It doesn’t take a genius to figure out that this album has been on a negative slope till now. Luckily, Ishq Mein breaks that trend and brings some feel with it. Shaan and Alka Yagnik feature on this track and do a decent job. Shaan does a much better job than he did in Hum Dil Ke, mainly due in part to the fact that he suits these playful songs more. The song has its ups and it certainly has its downs. The ups really lie in one, the vocal rendition, and two, the catchiness that lies in the title line. The downs comprise of Sameer’s very unoriginal lyrics and the rather uncreative composition of Mr. Vidyasagar, who hasn’t proven himself so far. Nonetheless, so far this is the best track of the album, and when the best is average; you know you have a problem. Verdict: Not bad…but definitely not good!

I guess Vidyasagar was planning on making a V with this album, as after having a steady decline, it seems as if he’s marching uphill with Lee Humne Kasam. Musically, this is the best piece the album has. Starting us off with the guitar, which is superimposed on by the flute creates for a refreshing feeling. Then, he brings the essence of orchestra with the usage of the strings that slowly fades into the clapping of hands and the chiming of electronic beats. Vidyasagar does his part in introducing

Harhiharan, but Mr. Hariharan, doesn’t continue the trend. As is Sadhna Sargam, Haraharan is also making his mark this year. Unfortunately, this one doesn’t nearly martch up to some of his exquisite performances; the latest being Piya Thora Kaisa Abhiman from the brilliant classical album of Raincoat. In addition, the pace of this song isn’t characteristic of Hariharan’s talent and that is another reason why he fails in his rendition. The lyrics by Sameer are another on the promises of staying together till death do them part. This is a perfect example of a song that has what it takes musically but the other departments are virtually non-functional; resulting in yet another average track. Verdict: Inconsistent Mediocrity!

Vidyasagar completes his V with the best piece of the album, Dekho Zara Dekho. It’s rare to hear an album that doesn’t boast of at least one good track isn’t it. Don’t’ let the folk like opening throw you off as this one is a fast paced, catchy, and fun-filled bouquet of sounds for your ears to enjoy. It all starts off with a very unique chorus, and I mean very unique! Vidyasagar’s flavorful composition allow for a great flow of music for both Udit Narayan and Kunal Ganjawal to render to. In addition to Sadhna Sargam and Hariharan, Kunal, more than anyone else, is making his mark on Bollywood and has impressed many; as it all started with his beautiful rendition in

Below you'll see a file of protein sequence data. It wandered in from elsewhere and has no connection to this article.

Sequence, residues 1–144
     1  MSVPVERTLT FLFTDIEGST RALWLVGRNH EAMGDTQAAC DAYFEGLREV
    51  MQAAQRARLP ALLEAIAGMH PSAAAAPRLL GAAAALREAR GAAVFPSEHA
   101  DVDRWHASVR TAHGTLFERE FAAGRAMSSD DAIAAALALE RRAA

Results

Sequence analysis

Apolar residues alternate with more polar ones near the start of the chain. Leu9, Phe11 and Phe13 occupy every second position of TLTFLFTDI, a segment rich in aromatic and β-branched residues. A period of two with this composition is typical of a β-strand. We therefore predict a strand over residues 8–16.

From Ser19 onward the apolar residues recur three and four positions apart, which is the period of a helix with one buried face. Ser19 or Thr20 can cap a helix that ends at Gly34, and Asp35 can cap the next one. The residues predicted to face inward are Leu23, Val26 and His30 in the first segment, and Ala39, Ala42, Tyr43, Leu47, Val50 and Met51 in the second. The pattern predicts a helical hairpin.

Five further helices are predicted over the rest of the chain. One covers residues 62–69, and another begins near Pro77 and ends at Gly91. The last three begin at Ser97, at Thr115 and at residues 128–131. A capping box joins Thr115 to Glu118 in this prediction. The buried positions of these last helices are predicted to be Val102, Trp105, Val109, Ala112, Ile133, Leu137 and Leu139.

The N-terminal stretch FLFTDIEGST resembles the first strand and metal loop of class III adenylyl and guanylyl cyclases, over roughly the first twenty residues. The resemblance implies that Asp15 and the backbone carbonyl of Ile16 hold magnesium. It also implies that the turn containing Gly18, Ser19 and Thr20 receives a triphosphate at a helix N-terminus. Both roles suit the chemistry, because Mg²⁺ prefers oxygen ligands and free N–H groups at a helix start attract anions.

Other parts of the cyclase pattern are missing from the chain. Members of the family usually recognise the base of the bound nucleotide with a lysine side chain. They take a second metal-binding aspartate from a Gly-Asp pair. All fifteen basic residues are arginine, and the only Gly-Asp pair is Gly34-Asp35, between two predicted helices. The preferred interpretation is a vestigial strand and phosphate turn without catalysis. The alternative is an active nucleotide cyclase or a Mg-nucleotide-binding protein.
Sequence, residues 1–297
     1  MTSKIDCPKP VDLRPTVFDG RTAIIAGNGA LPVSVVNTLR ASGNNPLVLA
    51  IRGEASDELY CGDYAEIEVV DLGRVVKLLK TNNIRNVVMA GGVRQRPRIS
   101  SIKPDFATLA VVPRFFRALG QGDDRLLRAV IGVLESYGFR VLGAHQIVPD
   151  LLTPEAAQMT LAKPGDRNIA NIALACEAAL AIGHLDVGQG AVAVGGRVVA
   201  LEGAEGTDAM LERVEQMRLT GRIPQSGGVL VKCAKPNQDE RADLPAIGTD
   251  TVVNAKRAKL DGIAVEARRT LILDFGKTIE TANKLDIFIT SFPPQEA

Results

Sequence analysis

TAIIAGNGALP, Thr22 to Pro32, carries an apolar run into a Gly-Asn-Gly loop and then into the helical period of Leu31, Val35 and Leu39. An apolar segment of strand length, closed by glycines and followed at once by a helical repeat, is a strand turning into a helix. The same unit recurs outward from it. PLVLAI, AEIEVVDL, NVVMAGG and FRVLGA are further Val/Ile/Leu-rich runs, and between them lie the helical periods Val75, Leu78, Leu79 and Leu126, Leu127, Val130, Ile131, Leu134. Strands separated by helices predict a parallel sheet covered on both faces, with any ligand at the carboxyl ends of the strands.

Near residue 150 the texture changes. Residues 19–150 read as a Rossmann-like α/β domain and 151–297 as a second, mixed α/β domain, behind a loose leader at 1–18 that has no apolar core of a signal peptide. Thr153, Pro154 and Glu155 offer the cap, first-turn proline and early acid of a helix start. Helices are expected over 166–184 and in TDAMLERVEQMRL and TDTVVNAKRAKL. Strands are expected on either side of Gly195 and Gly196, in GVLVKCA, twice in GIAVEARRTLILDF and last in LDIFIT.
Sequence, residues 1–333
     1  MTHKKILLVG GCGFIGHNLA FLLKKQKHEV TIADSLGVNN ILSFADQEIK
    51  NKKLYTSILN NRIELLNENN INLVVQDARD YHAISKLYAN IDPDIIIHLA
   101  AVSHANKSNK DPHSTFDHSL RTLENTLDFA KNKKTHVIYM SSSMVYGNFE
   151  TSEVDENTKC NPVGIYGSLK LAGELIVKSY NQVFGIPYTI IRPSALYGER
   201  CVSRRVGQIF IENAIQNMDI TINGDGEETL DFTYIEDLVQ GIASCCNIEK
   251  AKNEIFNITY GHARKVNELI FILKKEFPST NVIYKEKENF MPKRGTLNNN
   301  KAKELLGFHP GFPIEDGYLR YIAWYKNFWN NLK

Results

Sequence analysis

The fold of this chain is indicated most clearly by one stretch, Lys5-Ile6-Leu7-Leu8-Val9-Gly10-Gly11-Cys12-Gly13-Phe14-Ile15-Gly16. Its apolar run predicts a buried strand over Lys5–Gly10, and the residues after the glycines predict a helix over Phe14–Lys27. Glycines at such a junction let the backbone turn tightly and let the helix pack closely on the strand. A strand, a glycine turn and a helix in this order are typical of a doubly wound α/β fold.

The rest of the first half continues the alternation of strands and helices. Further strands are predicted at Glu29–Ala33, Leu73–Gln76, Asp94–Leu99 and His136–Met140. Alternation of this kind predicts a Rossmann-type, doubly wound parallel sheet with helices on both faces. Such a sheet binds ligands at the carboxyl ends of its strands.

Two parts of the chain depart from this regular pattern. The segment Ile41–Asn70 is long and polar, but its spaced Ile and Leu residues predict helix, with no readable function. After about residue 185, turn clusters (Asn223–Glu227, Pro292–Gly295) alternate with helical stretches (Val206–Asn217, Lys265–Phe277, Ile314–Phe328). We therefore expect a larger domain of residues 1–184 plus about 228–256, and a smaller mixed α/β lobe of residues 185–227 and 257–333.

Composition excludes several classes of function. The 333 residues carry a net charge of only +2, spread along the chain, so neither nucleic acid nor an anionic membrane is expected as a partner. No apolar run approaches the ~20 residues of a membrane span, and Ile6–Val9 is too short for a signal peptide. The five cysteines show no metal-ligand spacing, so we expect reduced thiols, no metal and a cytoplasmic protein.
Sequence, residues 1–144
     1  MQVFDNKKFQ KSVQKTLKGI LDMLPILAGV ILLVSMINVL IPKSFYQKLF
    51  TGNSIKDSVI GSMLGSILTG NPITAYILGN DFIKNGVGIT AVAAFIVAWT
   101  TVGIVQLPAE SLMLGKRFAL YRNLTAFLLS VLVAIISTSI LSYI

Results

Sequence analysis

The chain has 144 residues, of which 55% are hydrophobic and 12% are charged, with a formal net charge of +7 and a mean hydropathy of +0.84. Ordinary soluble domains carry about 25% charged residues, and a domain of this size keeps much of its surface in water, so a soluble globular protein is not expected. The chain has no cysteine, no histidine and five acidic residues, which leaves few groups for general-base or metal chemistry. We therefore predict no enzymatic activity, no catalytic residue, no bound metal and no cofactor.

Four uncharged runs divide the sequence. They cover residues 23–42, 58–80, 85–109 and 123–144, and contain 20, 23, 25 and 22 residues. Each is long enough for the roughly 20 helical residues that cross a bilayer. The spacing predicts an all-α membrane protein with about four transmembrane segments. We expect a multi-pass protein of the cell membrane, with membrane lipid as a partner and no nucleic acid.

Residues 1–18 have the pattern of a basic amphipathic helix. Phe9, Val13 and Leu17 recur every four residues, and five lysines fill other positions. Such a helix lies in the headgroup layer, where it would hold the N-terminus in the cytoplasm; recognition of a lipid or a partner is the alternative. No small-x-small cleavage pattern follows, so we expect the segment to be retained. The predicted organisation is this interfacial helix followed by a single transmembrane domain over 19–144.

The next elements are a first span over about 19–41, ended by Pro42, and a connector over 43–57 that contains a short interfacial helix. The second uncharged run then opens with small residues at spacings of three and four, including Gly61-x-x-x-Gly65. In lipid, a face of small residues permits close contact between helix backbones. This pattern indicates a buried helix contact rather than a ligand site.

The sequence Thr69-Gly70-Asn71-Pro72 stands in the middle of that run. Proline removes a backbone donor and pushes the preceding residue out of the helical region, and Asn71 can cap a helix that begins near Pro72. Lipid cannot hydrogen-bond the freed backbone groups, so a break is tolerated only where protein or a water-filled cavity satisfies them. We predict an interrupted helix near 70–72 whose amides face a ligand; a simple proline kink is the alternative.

Murder’s Bheegey Hont. Nonetheless, he teams up with Udit Narayan for a light-hearted piece. It’s going to be a treat watching this on screen as two of the male leads run after the female lead. Sameer’s lyrics are simply alright but they do the job in enticing excitement. All in all, it’s a pretty good ending to a rather average album. Verdict: Surprisingly Good!

Once again, Hulchul continues the trend of mediocrity for Priyadarshan’s musical scores. Vidyasagar doesn’t prove himself with this album and most likely will fall in the eyes of musical critics. Let’s only hope this South Indian composer can catch a break next time. At the B.O. the film is doing a decent job, no thanks to the music! For Priyadarshan, music is pretty much a gone case, just focus on the film and leave the rest to the comedy loving audience worldwide.